When the Denver Broncos made Jay Cutler their first-round draft pick in 2006, they thought they had their quarterback problems solved for the next decade.
The first three years of his career only furthered that thought, as he improved every year. Last year’s campaign he really came into his own, throwing for over 4,500 yards and 25 touchdowns – despite having diabetes. Despite the team’s late-season collapse, all experts agreed Cutler was among the most up-and-coming signal callers in the league.
Then came this off-season, and Coach Mike Shanahan and his staff were fired. Taking his place is former New England Patriots assistant Josh McDaniels. One of McDaniels’ first acts as head coach was to inquire about the availability of Matt Cassel, the quarterback McDaniels coached who filled in so admirably last season when Tom Brady was injured.
Nothing wrong with a coach wanting his own guy, right? Well, not exactly.
Once Cassel was traded to Kansas City, one would think McDaniels and Cutler would move forward together, right? Well, not exactly.
Seems Cutler’s feelings were hurt. He felt insulted that McDaniels might actually want someone else to do his job. He then demanded that the Broncos trade him.
That began a month-long “he said, she said” back-and-forth between Cutler, the Broncos and Cutler’s agent “Bus” Cook that caused more of a stir than the plot of an afternoon soap.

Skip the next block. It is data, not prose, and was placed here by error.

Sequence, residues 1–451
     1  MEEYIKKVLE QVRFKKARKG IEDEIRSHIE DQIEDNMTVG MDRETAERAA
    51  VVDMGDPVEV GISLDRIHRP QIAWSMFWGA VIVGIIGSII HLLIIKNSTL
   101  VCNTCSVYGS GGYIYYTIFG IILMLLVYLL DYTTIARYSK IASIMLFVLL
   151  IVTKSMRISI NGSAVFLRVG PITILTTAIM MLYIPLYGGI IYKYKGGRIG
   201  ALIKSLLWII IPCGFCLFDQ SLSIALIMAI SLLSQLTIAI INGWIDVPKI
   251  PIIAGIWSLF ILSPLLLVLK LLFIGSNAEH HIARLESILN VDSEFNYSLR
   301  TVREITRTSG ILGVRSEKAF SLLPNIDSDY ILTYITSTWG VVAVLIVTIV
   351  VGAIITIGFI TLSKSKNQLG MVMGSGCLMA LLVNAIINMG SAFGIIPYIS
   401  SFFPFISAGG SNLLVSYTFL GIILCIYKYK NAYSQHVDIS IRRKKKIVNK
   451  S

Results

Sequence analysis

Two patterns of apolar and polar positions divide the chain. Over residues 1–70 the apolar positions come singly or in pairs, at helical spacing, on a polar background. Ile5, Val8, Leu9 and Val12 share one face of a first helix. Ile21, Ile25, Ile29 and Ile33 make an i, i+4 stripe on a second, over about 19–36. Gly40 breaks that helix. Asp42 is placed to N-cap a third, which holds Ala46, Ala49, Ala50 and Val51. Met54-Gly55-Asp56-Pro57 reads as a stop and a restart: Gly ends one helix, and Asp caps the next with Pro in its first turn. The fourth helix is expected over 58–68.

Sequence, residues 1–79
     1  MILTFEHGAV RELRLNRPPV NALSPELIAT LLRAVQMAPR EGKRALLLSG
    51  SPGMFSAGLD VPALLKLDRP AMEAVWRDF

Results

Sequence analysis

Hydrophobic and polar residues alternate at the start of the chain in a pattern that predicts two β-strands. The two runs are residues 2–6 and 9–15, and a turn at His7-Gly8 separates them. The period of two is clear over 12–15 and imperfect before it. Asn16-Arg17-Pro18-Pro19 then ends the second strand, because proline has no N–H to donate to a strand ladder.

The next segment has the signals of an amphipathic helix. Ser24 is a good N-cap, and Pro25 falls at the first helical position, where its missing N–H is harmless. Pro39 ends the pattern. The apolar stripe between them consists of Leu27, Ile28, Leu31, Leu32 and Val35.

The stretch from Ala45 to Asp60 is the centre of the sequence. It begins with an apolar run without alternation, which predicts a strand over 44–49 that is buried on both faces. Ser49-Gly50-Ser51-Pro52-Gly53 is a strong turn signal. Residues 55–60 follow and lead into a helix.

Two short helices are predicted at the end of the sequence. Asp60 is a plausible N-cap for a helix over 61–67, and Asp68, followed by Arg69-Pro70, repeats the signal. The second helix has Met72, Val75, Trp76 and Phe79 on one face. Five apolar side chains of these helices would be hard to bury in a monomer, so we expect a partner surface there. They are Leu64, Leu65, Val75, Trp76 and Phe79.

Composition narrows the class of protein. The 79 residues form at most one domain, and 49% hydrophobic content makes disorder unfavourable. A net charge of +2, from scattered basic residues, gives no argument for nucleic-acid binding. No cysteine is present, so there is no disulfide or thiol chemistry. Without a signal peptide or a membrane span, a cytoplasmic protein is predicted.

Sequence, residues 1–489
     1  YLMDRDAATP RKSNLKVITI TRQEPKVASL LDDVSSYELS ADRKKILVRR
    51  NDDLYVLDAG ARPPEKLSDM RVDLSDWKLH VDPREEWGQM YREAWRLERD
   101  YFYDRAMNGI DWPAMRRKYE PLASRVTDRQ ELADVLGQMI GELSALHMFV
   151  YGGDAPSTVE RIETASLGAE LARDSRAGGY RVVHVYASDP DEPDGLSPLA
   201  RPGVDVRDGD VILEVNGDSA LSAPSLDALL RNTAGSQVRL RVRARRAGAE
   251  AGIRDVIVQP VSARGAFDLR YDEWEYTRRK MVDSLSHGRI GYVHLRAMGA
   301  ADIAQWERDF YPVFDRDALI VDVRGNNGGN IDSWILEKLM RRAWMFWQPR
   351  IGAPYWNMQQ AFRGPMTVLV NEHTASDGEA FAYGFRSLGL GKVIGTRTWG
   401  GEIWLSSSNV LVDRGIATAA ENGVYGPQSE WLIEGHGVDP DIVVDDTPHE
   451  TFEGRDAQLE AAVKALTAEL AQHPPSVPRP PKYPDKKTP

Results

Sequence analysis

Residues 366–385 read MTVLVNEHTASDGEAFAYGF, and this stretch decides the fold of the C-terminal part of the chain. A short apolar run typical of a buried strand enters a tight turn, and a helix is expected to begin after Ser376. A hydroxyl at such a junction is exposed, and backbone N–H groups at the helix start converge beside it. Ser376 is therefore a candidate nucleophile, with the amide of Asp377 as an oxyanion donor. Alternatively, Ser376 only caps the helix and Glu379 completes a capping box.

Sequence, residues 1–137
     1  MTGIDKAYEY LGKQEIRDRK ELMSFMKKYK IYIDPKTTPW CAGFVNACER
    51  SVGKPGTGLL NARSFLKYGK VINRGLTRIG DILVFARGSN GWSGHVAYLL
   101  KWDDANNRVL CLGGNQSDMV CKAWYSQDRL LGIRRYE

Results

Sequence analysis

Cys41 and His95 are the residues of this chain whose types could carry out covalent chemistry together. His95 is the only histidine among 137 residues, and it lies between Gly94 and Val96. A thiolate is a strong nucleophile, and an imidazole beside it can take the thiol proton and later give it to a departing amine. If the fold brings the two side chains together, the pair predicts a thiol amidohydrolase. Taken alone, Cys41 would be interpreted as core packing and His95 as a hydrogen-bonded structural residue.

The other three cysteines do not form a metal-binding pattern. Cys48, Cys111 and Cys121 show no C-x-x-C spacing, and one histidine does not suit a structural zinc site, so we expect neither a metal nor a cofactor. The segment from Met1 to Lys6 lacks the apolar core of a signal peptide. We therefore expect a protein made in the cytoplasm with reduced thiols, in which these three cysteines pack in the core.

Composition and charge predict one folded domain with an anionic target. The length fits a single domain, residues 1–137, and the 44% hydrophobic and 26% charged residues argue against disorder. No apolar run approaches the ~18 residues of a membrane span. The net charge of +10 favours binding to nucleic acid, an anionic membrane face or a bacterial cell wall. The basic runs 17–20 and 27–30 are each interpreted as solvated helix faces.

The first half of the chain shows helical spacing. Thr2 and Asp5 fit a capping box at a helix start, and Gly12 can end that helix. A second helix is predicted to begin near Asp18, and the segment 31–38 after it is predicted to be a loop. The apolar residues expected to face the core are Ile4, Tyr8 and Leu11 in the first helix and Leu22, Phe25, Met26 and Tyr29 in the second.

Finally, on April Fool’s Day (how appropriate), Broncos owner Pat Bowlen said he’d had enough, and if Cutler didn’t want to be a part of the team he would agree to trade him – and that it would happen quickly.
He wasn’t lying! Today, Cutler was dealt to the Chicago Bears (along with a fifth-round draft pick) in exchange for two first-round draft picks, a third-round draft pick, and quarterback Kyle Orton. Cutler’s reaction? “I didn’t want to get traded. This isn’t me,” he told Jay Glazer of FOX Sports. “I really didn’t want this. I love Denver.”
Really, Jay? You sure had a funny way of showing it. Instead of being a stand-up guy, you and your coach were too stubborn to mend fences and move forward. Now you are both worse off as a result. Going to a bad team, the Bears, who now have no draft picks to re-stock their roster, means Cutler will have limited success, at best. For the Broncos, now they can fortify their putrid defense, but Orton probably is not the long-term answer at quarterback – and if you draft a rookie it’ll take them two years to be where Cutler is now.
I am wondering if, in a private and confidential moment, that Jay Cutler would tell you he REALLY DIDN’T want to go anywhere else, but his pride got in the way. Now he’ll be lobbing passes in the Windy City to the likes of Devin Hester and Rashied Davis (instead of Pro Bowler Brandon Marshall and second-year sensation Eddie Royal). In fact, I’ll even go out on a limb and say this: If Marshall is not suspended for a good deal of next season, don’t be surprised if Orton and Cutler end up with similar numbers at season’s end.
As Jay Cutler learned the hard way: Be careful what you wish for, because you just might get it.